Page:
A Designer’s Guide To Creative Commons Licenses

A Creative Commons (CC) license is a public license that tells other creatives what they’re allowed to do with their work. While a typical Creative Commons license defaults to “no rights reserved,” you can change it to “some rights reserved” by using 6 other CC-type licenses.

What are the 7 Types of Creative Commons Licenses?

While CC licenses look similar to general copyright licenses, or even a trademark, it’s vital to know the difference between copyright law and what a trademark symbol is before continuing.

1. Public Domain (CC0)

If a CC license stays “as is,” it is considered public domain. A public domain image or video can be copied, published, displayed, and communicated for commercial use without credit. Other creatives are free to modify and adapt the original work via video editing tools, like Photoshop.

2. Attribution (CC BY)

Attribution or a CC BY license is similar to the public domain license, except other creatives have to give your credit when they use your original work. Proper attribution includes the name of the creator, a link to the license, and an indication if any reasonable changes were made.

3. Attribution-ShareAlike (CC BY-SA)

Attribution-ShareAlike or CC BY-SA allows other creatives to remix, adapt, and build on your work for commercial purposes, provided they credit the original creator. If any new works were made using a CC BY-SA work, it must use the CC BY-SA license and be commercially usable.

4. Attribution-NoDerivatives (CC BY-ND)

Attribution-NoDerivatives or CC BY-ND gives creatives permission to copy, publish, display, and communicate the original work for commercial use unless you modify it. But you can modify the work so long you’re distributing it privately to friends and family, like for a holiday card.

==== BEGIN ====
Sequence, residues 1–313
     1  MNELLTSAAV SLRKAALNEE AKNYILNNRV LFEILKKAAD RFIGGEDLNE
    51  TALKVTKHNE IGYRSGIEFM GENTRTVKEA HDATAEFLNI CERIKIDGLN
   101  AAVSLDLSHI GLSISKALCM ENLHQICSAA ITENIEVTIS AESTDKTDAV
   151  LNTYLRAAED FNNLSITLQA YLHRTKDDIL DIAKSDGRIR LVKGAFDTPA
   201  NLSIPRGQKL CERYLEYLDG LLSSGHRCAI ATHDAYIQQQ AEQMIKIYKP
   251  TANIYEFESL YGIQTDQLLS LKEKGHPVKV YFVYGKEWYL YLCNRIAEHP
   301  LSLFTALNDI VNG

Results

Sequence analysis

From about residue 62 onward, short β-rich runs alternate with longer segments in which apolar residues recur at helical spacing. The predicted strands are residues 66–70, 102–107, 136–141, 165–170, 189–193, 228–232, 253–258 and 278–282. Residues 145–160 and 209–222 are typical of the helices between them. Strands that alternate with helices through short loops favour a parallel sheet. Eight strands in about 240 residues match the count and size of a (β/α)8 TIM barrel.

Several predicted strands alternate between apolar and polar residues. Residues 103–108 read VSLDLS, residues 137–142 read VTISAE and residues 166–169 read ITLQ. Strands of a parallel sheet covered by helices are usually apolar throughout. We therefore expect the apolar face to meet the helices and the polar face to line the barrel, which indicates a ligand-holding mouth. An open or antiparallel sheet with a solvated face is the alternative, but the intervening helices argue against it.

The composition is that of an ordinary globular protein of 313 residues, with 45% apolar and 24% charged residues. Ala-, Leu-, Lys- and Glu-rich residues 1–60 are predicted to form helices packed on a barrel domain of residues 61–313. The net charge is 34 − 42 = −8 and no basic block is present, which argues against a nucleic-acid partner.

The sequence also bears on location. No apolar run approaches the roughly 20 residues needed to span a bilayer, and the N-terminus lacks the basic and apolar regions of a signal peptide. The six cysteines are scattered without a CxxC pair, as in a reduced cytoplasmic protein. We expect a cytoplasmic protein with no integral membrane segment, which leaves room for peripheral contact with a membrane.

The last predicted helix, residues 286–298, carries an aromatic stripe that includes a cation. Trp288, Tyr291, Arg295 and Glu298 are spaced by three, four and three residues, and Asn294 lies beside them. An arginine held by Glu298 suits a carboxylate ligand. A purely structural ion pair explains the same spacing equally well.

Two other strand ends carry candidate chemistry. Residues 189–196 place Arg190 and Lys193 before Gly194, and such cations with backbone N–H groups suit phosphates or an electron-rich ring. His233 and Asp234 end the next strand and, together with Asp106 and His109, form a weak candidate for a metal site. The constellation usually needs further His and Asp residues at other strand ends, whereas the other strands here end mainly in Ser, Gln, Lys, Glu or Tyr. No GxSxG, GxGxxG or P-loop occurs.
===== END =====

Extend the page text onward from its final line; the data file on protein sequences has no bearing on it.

5. Attribution-NonCommercial (CC BY-NC)

Attribution-NonCommercial or CC BY-NC is one of three Creative Commons licenses available that won’t allow other creatives to distribute your work commercially. However, other creatives can still copy, publish, modify, and adapt the original work if it’s properly credited and attributed.

6. Attribution-NonCommercial-ShareAlike (CC BY-NC-SA)

Attribution-NonCommercial-ShareAlike or CC BY-NC-SA will give other creatives the ability to copy, publish, modify, and adapt the original work if it’s attributed. But similar to the CC BY-SA license, the person who remixes the original work has to use the same CC BY-NC-SA license.

7. Attribution-NonCommercial-NoDerivatives (CC BY-NC-ND)

Attribution-NonCommercial-NoDerivatives or CC BY-NC-ND is the strictest Creative Commons license available. Other creatives can copy and publish the original work with proper credit, but they can’t use it commercially or modify it in any way unless they’re using the work privately.

Why Use a CC0 instead of a Creative Commons License?

While a Creative Commons license restricts how others can use your original works, CC0, public domain, or “no rights reserved” licenses don’t come with any restrictions. But if you don’t want to add any restrictions to your work, can’t you just opt out of getting a license?

Not necessarily. It’s actually difficult to waive all of your rights to a creative work simply by opting out. US laws state that creative rights are automatically granted to the creator with little wiggle room. However, if you make creative work for an employer, the copyright will automatically transfer to the employer unless you state in a contract otherwise, or they forfeit their right.

If you want to put your own work into the public domain, you’ll need a CC0 license. Although it can’t completely relinquish all of your rights, it’s a great alternative to other CC licenses.

You may want to use a CC0 instead of another CC because:

  • You want your work to be easily citable
  • You want creatives to gain access to a large free library
  • You want your work to be easily edited and distributed

No matter what Creative Commons license you choose, you don’t have to apply for one or pay any money to use them. Simply copy the license you want to use directly on your website.

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Published on October 7, 2022 by Beatrice Stefanescu; modified on October 10, 2022. Filed under: , , .

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